-Karl Lagerfeld, having conquered the world of fashion, creates log! One that comes in a mirrored box and ships with a little axe to cut it with! (I love the expression on that baker's face, because it's pretty much exactly the face I'd be making if Karl Lagerfeld were standing there in front of me: equal parts awe and trying-not-to-bust-a-gut.)

-This is a good time to repost this awesome New Yorker profile of Lagerfeld which achieves the seemingly contradictory goal of making the designer seem fascinating, admirable, and even sympathetic, as well as ten times crazier than we already suspected. Seriously, there's a pull-quote in every paragraph.

-An interview with the designer of the Sony PCM-D1, an utterly gorgeous field recorder.

-Made in ENGLAND by Gentlemen features a super-cute boy / girl sizing chart that you can print out and exchange with your boyfriend or girlfriend, so that he or she knows your sizes and preferences. (Don't miss the favicon, either...)

Do Not Put Child In Bag

Ah, man...Danger: Avoid Death would have been a MUCH BETTER name for this blog!

"She was working after hours and thought no one else was in the building. Then she heard someone say over the loudspeaker that she was going to die."

(Look at that URL...! "Odd Scary Karaoke" would have been a pretty good name, too. Rats.)

He Looks Like 5,405,056 Kroners

The weird, sad story of Theresa Duncan and Jeremy Blake just got one hell of a lot weirder.

This is the prime minister of Norway.


Seriously? You guys want comments that badly? Okay, I turned them on. Geesh.

In honor of Molly's new MacBook, an Affluenza re-post: Laptop Tattoos. Surprisingly, I like almost all of these, except this one and this one (yuck). I think this one is my favorite, though.

UPDATE: Apparently, since I last post about laptop tattoos, it's become a big business. My dreams of a paisley MacBook are one step closer to reality...

Wednesday, December 12

Affluenza: December 12

Giant, fully animated, Pac-Man Christmas Tree in downtown Madrid. Man, people in whatever country Madrid is in sure do love Pac-Man!

"Sneaker companies are offering shoes with yellowed soles and stains to denote a vintage, worn feel."

Ordinarily I detest clothing with logos, especially the logos of multinational corporations, but I might make an exception for this shirt.

Things That I Have Worn Around My Neck And Then Subsequently Eaten

What's more depressing: that this isn't a joke or that it's sold-out?

The ceramics of Megan Bogonovich.

I'm not too big on luxury watches...not because I'm not superficial (duh), just that I think they're too flashy and ostentatious and noveau riche to be truly stylish. Mostly I think there are way better things to spend that much money on. (I'll admit this probably betrays my middle-lower-middle-class upbringing.) Like a bespoke suit or hand-tooled shoes or that $250 version of Settlers none of you got me last Christmas. Having said THAT, though, I absolutely love this men's Chanel J12 watch, with a band made of white ceramic!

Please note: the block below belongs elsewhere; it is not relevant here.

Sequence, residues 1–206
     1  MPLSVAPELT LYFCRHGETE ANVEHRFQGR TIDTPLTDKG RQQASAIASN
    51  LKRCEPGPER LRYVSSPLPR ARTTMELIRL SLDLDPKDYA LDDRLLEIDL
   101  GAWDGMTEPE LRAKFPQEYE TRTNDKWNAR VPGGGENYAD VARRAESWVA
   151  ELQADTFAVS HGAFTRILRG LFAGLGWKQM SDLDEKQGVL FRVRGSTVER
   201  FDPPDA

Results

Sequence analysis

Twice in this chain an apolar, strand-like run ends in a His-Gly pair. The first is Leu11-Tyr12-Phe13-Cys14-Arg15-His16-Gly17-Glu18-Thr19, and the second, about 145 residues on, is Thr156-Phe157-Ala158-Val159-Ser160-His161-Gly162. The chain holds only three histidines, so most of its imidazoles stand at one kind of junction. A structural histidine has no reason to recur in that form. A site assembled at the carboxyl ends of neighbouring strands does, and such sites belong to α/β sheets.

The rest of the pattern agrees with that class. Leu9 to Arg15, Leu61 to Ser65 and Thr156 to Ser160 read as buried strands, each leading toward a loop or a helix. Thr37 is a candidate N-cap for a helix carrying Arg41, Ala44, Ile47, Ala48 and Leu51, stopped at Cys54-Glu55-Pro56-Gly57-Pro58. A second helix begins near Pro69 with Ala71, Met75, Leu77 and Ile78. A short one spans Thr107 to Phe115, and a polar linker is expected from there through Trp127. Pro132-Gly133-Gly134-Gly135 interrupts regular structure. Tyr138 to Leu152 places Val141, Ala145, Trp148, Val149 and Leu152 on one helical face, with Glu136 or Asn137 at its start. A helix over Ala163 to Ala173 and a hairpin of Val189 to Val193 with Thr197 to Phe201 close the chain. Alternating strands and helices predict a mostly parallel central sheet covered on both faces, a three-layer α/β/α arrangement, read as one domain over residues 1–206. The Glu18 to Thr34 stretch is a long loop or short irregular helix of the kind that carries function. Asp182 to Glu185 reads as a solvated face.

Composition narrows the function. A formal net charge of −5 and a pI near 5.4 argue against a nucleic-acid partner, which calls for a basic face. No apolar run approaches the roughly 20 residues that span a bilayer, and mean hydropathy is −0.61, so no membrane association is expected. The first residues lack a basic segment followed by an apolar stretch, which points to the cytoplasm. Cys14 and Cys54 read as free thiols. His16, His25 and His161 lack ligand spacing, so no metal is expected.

Go here to see all the other watches in the J12 line, but be warned: all the rest are either ugly (the black ones) or gaudy (the gem-encrusted ones). Oh, and PS: if those first two links didn't work, go to the third link and find model #h0968 and #h1007.

Until further notice, though, the official watch of Affluenza is the Mondaine Swiss Railway Watch.

A clever gold brick doorstop. "The date inscribed on each bar refers to the day that women were finally admitted to the London Stock Exchange in 1973." Uh...okay. Whatever.

Seen in Esquire UK: El Casco Office Supplies. I want every single thing they sell. (In chrome, though...I'm not GREEDY.)


Zuza Made prints. (nsfw) Be sure to click on each preview picture three times.

The Keep Calm And Carry On guy has a bunch of new products. They all suck, though.

The Raftman's Razor, a short film by
Keith Bearden.

Robin Rosenthal's Poster For Kids.

Carter Hodgkin and J. Tarbell use computer codes to model collisions of subatomic particles with beautiful results.

Jackson Pollock

Bembo's Zoo

Texture Replacement Of Garments In Monocular Video Sequences

For some reason, Bloomingdale's is selling one of your grandmother's old chairs...

"This bad ass looking helmet will scare the crap out of any onlooker..."

The illustrations of Alberto Cerriteno

A neat behind-the-scenes look at what goes into a commercial composite shot. This won't blow you away, but it's an interesting peak at what goes into a magazine ad.

The (incredible!) stop-motion photography of Martin Klimas. (I especially like the kung-fu figurines.)

Finally, Jill Greeberg's portraits of monkeys, bears, crying toddlers, and more monkeys.

It wouldn't be make believe if you believed in me...

Only A Paper Moon, a charming vintage photo collection.

(My favorite. My other favorite.)

See also.

BB Shell

Oh my god you guys, this is so brilliant I can barely type this up:

An entire month of Mary Worth comic strips, filmed with all the weird blocking and poses intact.